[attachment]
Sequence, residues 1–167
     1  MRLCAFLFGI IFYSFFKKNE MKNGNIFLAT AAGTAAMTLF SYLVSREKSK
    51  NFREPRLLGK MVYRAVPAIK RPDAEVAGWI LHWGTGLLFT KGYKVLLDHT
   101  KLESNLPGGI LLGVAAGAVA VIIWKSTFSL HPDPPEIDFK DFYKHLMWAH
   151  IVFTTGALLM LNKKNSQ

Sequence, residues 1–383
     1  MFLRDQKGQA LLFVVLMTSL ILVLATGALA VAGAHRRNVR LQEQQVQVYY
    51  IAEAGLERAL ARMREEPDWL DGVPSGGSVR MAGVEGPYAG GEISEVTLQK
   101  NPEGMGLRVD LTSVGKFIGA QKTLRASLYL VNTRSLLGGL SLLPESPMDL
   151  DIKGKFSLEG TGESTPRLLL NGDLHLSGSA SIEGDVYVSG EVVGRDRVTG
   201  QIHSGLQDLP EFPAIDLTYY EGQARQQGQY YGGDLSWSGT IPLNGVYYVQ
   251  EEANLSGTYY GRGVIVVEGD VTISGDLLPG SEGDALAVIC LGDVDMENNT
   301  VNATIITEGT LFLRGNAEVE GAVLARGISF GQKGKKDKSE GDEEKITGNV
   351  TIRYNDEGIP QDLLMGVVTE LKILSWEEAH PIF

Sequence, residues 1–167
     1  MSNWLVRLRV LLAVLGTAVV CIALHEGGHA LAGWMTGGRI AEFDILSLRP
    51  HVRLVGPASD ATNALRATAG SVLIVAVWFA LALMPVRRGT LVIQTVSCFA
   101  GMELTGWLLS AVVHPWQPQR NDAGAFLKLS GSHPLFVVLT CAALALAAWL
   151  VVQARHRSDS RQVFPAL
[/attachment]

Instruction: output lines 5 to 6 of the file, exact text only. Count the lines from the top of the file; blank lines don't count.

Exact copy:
   151  IVFTTGALLM LNKKNSQ

Sequence, residues 1–383